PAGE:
Despite the advantages mentioned above, there are also important disadvantages associated with carbon nanotube-based molecular electronics. For example, since nanotubes are either metallic or semiconducting they must be pre-selected before they are positioned on the substrate. This aspect by itself currently prohibits large-scale integration of nanotubes. Also, present nanotube configurations are interconnected with metal wires. The Ohmic resistance at each metal-to-nanotube contact is quite large. For example, in the “on” condition, each carbon nanotube transistor exhibits a resistance of several kilo Ohms which means that relatively large amounts of heat are dissipated at the contacts compared with silicon transistors.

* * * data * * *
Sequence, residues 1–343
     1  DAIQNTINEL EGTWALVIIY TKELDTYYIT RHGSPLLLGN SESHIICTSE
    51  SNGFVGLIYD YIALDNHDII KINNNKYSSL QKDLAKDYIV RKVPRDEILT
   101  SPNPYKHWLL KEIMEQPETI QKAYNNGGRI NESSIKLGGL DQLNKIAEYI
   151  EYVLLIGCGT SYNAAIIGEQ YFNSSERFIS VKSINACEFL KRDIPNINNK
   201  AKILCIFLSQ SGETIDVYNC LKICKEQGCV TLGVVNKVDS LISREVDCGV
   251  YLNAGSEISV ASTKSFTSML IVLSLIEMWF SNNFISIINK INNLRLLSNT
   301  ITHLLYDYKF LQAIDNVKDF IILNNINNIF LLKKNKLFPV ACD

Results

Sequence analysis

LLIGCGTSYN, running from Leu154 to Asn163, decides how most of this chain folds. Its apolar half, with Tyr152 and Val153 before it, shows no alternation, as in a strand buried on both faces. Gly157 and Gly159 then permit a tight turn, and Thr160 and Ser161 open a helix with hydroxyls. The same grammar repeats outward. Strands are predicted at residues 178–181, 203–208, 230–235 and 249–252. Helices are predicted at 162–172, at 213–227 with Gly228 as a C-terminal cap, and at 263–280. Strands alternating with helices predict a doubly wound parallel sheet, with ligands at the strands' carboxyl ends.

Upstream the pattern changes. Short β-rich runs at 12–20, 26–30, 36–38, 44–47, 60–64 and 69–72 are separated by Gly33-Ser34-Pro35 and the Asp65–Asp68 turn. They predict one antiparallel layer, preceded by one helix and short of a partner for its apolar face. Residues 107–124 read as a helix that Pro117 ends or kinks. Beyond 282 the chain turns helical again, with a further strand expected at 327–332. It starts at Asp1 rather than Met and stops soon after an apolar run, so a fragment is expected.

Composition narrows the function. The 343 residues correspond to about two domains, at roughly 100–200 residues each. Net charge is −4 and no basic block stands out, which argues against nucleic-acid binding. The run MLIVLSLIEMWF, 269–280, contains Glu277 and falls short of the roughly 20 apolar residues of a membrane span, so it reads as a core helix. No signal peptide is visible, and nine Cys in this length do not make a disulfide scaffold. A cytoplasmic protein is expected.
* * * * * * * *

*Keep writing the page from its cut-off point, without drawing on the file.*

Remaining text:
Because of these disadvantages, nanotubes are not used yet in commercial integrated electronic circuits. Moreover, integration of carbon nanotube-based electronic devices on a large scale is not expected to be feasible in the foreseeable future.
Nano-patterned epitaxial graphene electronics (NPEG electronics) requires that single- or multi-layered graphene or ultra thin graphite is patterned in order to produce electronically active structures. Ultra thin graphitic layers include graphitic structures from a single graphene layer to up to 100 graphene layer. Ultra thin graphene includes both multilayered graphene as well as multilayered graphite. The generic patterned multilayered graphene (also known as ultra thin graphite) structure consists of one or more graphitic leads that connect to π conjugated structures. These π conjugated electronic systems may be formed ‘ by patterning the epitaxial graphene multi-layers directly using patterning methods (known as the top-down approach).